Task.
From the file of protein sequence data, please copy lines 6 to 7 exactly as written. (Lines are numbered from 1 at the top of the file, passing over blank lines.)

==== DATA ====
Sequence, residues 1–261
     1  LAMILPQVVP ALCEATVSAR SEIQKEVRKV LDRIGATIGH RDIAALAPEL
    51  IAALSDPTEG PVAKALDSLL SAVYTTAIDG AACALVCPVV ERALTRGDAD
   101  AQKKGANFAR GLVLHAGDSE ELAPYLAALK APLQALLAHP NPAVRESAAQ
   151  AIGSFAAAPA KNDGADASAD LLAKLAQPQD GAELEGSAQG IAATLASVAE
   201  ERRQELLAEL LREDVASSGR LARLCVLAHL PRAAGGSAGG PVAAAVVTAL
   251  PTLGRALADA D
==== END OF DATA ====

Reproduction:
   201  ERRQELLAEL LREDVASSGR LARLCVLAHL PRAAGGSAGG PVAAAVVTAL
   251  PTLGRALADA D